Already Stimulating?

With all the talk of a desperately needed stimulus from the federal government one would think that the feds aren’t spending enough money, that perhaps the budget is balanced.
Alas, that is not the case. Looking back over the past 4 months, all bush legacy, it is clear that the federal government is spending at a rate dramatically higher than what they are taking in. From

The Senate passed its $838 billion stimulus legislation today, setting the stage for negotiation with the House to draw up a final package. While they debate, the government appears to be losing a couple billion dollars a day in tax revenue.
With a deep economic contraction underway, federal tax revenue declined by about $88 billion — roughly 10% — in the first four months of the fiscal year (which started Oct. 1) compared to the year-earlier period, according to a Congressional Budget Office analysis. Almost half the decline — $43 billion — came from a 43% drop in corporate profit taxes. Tax withholding from paychecks declined $19 billion due to lost jobs, while estimated tax payments declined by $12 billion.
In all, the CBO estimates the Treasury Department will report a deficit of $563 billion over the four-month period, or $474 billion higher than the four-month deficit through January 2008. Even remove the $284 billion in outlays for the Troubled Asset Relief Program and that’s $190 billion in higher spending or lower taxes so far this fiscal year.

At the rate of the past 4 months the deficit will be $1.68 trillion over the next 12 months.

Just why do we need the paltry additional $838 billion of deficit spending?

Thumbs in the Dike

David Brooks replays geithner:

But the big uncertainty is not inside the banks; it’s in the broader economic climate.
“People are enormously uncertain about the depth of the recession,” Geithner says. “They’re enormously uncertain” about how their assets will perform in this environment. But this is not like the savings-and-loan crisis of the ’80s and ’90s, or like Sweden, where banks themselves were dead, he said, adding that we’re trying to repair “a system that is largely alive and will largely survive but is still burdened by systemic market failure, systemic uncertainty.”

What neither Brooks nor geithner acknowledge is that this failed market is not the free market of myth. Rather, it is a market built by government and poorly repaired many times over by government.

Continuing to mess with what they do not understand will continue to have consequences that are not pretty.

Keynes Is Still Right

Paul Krugman quotes a clearly correct statement from Keynes:

“The resources of nature and men’s devices,” Keynes wrote, “are just as fertile and productive as they were. The rate of our progress towards solving the material problems of life is not less rapid. We are as capable as before of affording for everyone a high standard of life. … But today we have involved ourselves in a colossal muddle, having blundered in the control of a delicate machine, the working of which we do not understand.”

It is still …a delicate machine, the workings of which we do not understand and the obama administration is no more clueful than the previous occupants.
Local and world economies would work much better, perhaps as well as ant colonies, if giants did not continually step in them. Alas, governments have been stepping on the operation of economies for 100s of years and we still have not learned the lesson that we must keep them out; restrain them to their possibly appropriate role of fighting fraud and the use of force.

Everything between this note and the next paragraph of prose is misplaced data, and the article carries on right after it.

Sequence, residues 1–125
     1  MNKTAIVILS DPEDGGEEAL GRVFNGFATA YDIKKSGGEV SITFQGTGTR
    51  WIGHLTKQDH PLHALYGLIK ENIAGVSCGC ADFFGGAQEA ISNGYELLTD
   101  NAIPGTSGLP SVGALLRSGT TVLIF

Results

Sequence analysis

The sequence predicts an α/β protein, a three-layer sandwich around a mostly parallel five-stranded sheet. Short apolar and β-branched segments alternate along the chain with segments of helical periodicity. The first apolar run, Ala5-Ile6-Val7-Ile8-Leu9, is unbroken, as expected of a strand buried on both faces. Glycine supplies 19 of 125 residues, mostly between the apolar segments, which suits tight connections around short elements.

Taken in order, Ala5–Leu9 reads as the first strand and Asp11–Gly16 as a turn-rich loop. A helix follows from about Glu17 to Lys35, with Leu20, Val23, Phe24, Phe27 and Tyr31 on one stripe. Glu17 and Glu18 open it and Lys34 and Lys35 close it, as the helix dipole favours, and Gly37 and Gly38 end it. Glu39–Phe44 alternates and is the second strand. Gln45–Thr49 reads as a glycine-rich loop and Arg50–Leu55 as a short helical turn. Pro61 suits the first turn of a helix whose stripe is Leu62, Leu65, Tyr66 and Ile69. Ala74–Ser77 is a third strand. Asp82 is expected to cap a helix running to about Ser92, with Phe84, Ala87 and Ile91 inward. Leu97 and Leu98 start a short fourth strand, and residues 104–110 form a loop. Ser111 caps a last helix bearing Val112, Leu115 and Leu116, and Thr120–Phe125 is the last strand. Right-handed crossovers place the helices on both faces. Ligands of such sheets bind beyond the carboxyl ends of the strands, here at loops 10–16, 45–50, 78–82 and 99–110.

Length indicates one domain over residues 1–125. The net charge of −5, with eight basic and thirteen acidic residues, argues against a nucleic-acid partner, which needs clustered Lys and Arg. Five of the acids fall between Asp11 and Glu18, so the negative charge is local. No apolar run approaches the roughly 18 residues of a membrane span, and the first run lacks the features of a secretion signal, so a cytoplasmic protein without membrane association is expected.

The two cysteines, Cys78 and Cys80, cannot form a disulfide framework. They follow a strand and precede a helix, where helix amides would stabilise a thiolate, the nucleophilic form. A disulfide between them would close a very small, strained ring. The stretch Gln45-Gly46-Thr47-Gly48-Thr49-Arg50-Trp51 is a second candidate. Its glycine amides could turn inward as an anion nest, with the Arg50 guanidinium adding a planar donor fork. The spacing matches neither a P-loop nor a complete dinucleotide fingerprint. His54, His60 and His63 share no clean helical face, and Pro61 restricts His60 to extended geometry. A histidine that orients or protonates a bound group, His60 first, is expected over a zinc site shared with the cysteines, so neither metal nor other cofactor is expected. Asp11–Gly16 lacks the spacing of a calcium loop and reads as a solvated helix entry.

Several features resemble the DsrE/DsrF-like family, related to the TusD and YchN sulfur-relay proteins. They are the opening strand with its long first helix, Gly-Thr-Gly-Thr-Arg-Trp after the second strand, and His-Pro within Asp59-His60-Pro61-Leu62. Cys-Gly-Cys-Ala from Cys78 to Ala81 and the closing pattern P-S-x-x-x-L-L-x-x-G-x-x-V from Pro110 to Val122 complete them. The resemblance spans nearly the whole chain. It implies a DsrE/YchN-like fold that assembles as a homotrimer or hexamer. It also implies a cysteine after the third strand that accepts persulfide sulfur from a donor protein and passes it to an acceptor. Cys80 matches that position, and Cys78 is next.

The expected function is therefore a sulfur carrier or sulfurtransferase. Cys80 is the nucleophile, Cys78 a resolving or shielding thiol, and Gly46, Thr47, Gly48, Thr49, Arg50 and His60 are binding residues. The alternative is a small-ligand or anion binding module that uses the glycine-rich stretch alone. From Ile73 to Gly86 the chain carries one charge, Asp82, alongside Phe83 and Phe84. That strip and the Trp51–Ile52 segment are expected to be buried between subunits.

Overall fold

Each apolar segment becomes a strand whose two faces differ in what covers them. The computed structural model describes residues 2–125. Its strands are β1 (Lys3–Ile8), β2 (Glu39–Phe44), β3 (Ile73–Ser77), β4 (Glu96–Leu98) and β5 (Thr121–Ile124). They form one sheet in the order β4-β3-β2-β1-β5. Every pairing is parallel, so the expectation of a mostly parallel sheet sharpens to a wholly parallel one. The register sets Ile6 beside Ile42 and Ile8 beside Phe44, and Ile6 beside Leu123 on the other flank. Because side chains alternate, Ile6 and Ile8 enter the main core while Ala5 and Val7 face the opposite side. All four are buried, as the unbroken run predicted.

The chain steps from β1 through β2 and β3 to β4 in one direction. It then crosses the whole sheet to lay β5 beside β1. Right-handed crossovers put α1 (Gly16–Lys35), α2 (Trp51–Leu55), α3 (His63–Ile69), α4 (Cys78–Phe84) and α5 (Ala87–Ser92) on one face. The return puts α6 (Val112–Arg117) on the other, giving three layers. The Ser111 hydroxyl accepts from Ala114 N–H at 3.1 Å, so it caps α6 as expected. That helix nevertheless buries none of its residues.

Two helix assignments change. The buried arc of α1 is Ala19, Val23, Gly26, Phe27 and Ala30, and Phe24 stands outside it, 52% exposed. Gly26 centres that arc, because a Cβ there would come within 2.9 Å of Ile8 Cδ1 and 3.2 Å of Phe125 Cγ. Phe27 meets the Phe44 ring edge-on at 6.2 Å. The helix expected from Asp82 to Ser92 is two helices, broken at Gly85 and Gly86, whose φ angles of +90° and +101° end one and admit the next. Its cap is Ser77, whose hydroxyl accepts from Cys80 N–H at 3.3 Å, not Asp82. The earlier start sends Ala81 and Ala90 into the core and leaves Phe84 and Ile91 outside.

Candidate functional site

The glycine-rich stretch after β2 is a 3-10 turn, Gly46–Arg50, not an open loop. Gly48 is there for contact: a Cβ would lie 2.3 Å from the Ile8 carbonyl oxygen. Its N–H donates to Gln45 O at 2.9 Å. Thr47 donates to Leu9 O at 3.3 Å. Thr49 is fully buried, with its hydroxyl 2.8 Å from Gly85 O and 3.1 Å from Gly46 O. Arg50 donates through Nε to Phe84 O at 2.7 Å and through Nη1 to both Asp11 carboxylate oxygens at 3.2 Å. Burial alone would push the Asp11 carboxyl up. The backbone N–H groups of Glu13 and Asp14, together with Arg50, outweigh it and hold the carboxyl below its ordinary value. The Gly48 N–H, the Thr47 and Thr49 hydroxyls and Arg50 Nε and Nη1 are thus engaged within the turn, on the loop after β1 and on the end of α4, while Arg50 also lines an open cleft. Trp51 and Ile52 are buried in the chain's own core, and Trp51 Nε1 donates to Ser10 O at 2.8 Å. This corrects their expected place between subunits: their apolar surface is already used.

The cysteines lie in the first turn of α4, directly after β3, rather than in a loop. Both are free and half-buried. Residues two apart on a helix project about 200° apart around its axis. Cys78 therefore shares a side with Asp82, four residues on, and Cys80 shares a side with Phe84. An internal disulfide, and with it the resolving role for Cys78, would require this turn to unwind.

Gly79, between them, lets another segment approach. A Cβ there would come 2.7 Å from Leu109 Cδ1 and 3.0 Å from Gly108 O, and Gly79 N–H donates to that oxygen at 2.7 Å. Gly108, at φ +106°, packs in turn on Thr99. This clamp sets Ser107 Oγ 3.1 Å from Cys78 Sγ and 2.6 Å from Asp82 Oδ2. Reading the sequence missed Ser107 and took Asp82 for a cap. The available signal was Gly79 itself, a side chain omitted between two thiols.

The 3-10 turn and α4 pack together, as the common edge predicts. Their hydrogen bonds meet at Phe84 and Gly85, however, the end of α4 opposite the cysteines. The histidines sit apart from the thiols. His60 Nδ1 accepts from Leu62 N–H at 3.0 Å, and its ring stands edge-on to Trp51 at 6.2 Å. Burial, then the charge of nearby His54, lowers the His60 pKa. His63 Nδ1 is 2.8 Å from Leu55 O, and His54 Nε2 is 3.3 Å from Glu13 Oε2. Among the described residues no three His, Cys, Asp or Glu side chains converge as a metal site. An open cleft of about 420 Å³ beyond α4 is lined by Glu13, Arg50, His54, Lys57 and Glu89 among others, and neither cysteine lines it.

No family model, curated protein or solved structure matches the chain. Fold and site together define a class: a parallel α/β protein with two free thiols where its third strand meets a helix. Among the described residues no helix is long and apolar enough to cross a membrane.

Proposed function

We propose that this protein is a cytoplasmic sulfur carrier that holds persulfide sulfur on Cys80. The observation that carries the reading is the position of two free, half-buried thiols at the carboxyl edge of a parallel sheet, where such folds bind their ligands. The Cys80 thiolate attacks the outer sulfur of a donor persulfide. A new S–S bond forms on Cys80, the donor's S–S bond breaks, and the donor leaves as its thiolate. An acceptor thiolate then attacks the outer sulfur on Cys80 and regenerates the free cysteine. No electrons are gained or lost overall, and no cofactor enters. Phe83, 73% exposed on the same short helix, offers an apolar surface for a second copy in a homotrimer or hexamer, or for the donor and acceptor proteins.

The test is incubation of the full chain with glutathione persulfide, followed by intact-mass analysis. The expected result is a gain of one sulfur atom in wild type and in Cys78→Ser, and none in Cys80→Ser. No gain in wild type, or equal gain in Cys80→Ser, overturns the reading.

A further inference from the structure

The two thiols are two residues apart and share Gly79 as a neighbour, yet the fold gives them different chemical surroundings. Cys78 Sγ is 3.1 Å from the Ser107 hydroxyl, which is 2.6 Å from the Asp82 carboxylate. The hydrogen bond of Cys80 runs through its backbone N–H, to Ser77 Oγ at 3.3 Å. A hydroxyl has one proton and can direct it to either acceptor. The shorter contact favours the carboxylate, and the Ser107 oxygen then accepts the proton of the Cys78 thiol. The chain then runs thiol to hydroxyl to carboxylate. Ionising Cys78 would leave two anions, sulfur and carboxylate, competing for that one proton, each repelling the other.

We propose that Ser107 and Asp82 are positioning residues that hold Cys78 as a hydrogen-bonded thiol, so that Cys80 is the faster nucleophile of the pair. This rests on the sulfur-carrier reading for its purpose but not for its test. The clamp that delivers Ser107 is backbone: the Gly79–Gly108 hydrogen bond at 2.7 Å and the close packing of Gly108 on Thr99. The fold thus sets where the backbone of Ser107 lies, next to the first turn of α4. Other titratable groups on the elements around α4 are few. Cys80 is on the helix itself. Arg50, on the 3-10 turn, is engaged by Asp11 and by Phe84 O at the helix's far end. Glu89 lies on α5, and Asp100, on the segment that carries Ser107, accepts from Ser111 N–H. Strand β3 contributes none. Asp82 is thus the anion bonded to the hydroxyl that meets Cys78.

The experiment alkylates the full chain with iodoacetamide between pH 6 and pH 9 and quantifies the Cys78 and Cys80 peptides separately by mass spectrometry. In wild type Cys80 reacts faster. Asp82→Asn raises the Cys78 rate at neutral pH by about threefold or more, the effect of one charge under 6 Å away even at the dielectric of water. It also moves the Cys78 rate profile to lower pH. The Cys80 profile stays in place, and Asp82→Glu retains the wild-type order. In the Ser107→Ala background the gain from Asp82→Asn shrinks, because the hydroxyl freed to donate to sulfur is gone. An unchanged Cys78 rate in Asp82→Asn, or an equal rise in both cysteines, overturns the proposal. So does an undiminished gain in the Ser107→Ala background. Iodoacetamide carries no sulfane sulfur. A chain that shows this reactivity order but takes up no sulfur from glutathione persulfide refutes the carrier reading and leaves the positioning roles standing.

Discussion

All the bail out and stimulus schemes already hatched and yet to be born are no better than throwing mud on the wall to see what sticks.

It will be painful to disengage the government gangs but, really, if you want any chance at all of these cycles not continually repeating on ever larger scales we must do so.

Ignorance or Intentional Lying?

When I’m out in the car on a Saturday afternoon I usually check into the discussion on Ring of Fire for a while. Kennedy and Papantonio often have interesting interviews although Papantonio reminds me of a lefty Hannity.
I tuned in this afternoon and landed in the midst of the two hosts touting the supremacy of the European economic models over the failed soviet model and, I paraphrase closely, the just collapsed/failed American laissez-faire capitalism model.
Kennedy repeats the mantra, failed laissez-faire captalism many times, apparently wanting his listenners to pick this up as a phrase to be repeated.
Unfortunately, the laissez-faire thing did not collapse, did not fail; has not existed in years, if ever. The thing that has recently failed, that is causing so much havoc around the world, is yet another iteration of state capitalism.
I do not believe Kennedy is so ignorant as to not know the differences. Therefore I can only conclude that he is simply lying.
Otherwise, he would be reporting that both the republicans and the democrats do little other than continue to support variations on the plans and programs that brought us both the first great depression, the current mess and most, if not all, the failures that so-called progressives love to rant about.
An honest speaker would tell us that there may be some programs, some stimulus, some spending, that might reduce some of the symptoms for a while but that until the entire system is unraveled and rebuilt we will not cure the disease.

Until that happens we will continue to get change that is more of the same.


Cisco’s John Chambers finally gets it:

“It is now clear that we are in a global economic slowdown,” Chief Executive John Chambers said Wednesday in a call with analysts. He said …

I wonder where he has been for the past 2 years.

That quote is taken from a Wall Street Journal article only partially available to non-subscribers. There is a longer story available at the New York Times but it does not have the above quote in it.